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While Peters is a natural for embodying Rose's more vulnerable side, she doesn't have the vocal authority or dramatic heft to deliver Rose as a monster mom with a pervasive neurotic side.

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Within seconds after musical director Marvin Laird picks up his baton, you will know why composer Jule Styne’s slam-bang overture to “Gypsy” is considered by many the greatest and the most invigorating overture ever written for an American musical (okay, so you prefer Leonard Bernstein’s more highfalutin “Candide”). Know this, however, that those who do go to this “Gypsy,” will hear, probably for the very last time, the sound of 24 musicians in the pit (thanks to the concessions made during the recent strike). That alone is worth the price of admission.

What is troubling, however, is the otherwise excellent director Sam Mendes’ lackluster staging of what is considered the most witty, pungent, and dramatically solid piece of work in all of musical theater. You could cite it as the “King Lear” of musicals. Suggested by the memoirs of Gypsy Rose Lee, the Styne-Sondheim-Laurents collaboration tells the oft-told tale of the proverbial backstage mother vicariously living through the careers of her daughters. The theme remains an ongoing enigma in show business. This tragic misplacement of love and energies relates to all of us. In “Gypsy,” it becomes more than an entertainment: it becomes a parable.

Unfortunately Bernadette Peters, one of the treasures of musical theater, is, to be kind, as unsuccessful in capturing the essence of the plum role of Rose as she was two seasons ago in “Annie Get Your Gun.” That Ethel Merman originally created both roles does not automatically rule out the potential for other interpretations. Rose, in particular, has been empowered by such diverse personalities as Angela Lansbury, Tyne Daly, Bette Midler, and Betty Buckley.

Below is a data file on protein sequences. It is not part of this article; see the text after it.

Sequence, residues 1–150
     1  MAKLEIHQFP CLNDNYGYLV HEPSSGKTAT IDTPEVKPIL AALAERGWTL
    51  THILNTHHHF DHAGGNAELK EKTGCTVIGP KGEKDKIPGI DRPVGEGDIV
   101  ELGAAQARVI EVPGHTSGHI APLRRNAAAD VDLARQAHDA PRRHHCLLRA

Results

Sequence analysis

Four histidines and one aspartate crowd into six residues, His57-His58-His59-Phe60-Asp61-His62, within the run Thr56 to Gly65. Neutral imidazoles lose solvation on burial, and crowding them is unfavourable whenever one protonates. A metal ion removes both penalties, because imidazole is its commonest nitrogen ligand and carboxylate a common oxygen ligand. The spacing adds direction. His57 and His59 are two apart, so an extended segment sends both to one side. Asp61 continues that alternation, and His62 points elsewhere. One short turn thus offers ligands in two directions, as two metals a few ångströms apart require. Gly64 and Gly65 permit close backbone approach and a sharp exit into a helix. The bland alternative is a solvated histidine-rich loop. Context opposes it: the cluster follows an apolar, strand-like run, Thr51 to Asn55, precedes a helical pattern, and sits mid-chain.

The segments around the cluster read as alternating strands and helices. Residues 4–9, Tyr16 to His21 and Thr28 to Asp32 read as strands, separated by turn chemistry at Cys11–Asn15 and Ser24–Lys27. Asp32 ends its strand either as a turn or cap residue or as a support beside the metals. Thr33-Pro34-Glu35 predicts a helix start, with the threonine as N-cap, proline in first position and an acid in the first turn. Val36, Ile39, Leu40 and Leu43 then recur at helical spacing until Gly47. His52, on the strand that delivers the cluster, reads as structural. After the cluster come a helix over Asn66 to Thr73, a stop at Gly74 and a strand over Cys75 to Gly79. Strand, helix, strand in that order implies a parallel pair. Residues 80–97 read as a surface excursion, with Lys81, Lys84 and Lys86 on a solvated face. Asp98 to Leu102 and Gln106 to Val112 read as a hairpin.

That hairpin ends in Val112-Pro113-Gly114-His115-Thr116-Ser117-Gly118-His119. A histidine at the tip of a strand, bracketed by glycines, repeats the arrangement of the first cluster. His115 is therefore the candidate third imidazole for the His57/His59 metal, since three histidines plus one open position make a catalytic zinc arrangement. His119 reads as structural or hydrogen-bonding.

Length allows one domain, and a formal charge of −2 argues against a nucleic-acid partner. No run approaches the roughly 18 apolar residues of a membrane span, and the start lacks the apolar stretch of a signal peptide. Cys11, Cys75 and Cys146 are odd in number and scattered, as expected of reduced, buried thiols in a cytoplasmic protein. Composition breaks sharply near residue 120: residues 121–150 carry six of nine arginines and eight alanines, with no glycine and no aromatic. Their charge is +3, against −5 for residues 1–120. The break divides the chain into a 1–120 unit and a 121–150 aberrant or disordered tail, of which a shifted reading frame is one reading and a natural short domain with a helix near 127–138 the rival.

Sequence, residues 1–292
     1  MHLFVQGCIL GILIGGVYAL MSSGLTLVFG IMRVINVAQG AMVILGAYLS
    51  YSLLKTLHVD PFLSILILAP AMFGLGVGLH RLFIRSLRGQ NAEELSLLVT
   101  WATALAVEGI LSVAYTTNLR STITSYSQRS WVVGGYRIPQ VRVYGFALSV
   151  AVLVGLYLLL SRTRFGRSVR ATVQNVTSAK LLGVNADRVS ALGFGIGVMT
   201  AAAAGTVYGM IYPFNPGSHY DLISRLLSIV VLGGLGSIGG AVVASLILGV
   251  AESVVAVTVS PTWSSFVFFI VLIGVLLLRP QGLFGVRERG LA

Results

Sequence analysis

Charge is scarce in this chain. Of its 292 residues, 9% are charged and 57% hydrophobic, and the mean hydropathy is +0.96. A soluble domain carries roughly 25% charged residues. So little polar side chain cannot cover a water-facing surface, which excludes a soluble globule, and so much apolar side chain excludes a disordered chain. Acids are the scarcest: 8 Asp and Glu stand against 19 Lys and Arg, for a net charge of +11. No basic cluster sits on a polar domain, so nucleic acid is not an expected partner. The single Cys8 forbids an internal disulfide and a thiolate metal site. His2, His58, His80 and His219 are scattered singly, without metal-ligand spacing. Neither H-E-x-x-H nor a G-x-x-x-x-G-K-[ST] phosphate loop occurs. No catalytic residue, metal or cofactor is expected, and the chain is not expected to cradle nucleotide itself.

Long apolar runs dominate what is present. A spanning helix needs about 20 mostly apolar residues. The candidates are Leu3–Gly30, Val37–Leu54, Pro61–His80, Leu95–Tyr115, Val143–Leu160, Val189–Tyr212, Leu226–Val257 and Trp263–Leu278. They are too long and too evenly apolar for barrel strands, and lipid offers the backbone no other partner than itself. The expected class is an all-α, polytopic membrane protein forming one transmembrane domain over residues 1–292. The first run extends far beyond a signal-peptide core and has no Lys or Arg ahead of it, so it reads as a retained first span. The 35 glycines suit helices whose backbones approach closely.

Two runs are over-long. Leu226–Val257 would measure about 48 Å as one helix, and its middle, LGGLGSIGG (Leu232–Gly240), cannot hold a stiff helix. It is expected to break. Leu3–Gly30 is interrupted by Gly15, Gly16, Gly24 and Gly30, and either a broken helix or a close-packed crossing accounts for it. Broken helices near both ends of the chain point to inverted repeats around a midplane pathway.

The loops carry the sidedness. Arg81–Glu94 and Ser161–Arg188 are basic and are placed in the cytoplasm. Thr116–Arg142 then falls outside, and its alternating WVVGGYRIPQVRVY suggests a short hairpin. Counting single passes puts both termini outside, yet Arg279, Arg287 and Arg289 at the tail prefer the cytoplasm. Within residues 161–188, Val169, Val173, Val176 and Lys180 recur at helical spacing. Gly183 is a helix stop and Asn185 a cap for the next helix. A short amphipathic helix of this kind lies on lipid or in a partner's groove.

While Peters is a natural for embodying Rose’s more vulnerable side, she doesn’t have the vocal authority or dramatic heft to deliver Rose as a monster mom with a pervasive neurotic side. With admiral intentions apparent, Peters tries hard to aggressively confront Rose’s crusty edge, especially in the more tentatively played early scenes. But she seems unable to carry Rose beyond the songs to suggest the desperate and formidable dramatic arcs that propel her.

We are in Peter’s corner, as she affords her own special and endearing quality to “Some People,” and to the duets “Small World,” and “You’ll Never Get Away From Me.” It is with the more demanding “Everything’s Coming Up Roses” and “Rose’s Turn,” that Peter’s voice sounds strained and unable to capture the electrifying resonance those climactic songs need.

Coming up roses is not only Peter’s problem. Tammy Blanchard doesn’t quite stir up the full emotional eddy that can make the untalented Louise a heartbreaking character whose disdain for her mother is offset by her astonishing success as an indifferent stripper.

Without tampering with the text, I do commend Mendes for taking this “musical fable” a little closer to the grittier side of life. Mendes, the former artistic director of London’s Donmar Warehouse, and whose revisionist “Cabaret” is a long-running hit on Broadway, seems hard-pressed to make the musical’s dramatic points as well as the parade of musical sequences resonate with a real commitment to this musical’s needs. At least, the pace doesn’t drag over the course of this three-hour show.

What I found most interesting was the coarser-grained nod to reality given to the three over-the-hill strippers, played with the expected horn-blowing, electrifying and balletic gusto by Heather Lee, Kate Buddeke, and Julie Halston. Another plus is the appealing personality and humanity that John Dossett, brings to the role of Herbie, Rose’s persistent and patient lover.  As Tulsa, David Burtka makes his dance in the spotlight – “All I Need Is the Girl” – one of the more shining moments in the show.

I suppose that the sets and costumes by Anthony Ward cover the obligatory tacky and tangy terrain of the 1920s and 1930s. But it’s the insightful, painful and show-stopping dramatic elements that we miss most in this “Gypsy.” Before she makes another bad choice, will one of our young talented composers please write an original show for the terrific and unique Ms Peters: one that is designed to bring out her most precious and incomparable qualities.

Shubert Theater, 225 West 44th Street
For tickets ($100 – $60) call 212 – 239 – 6200

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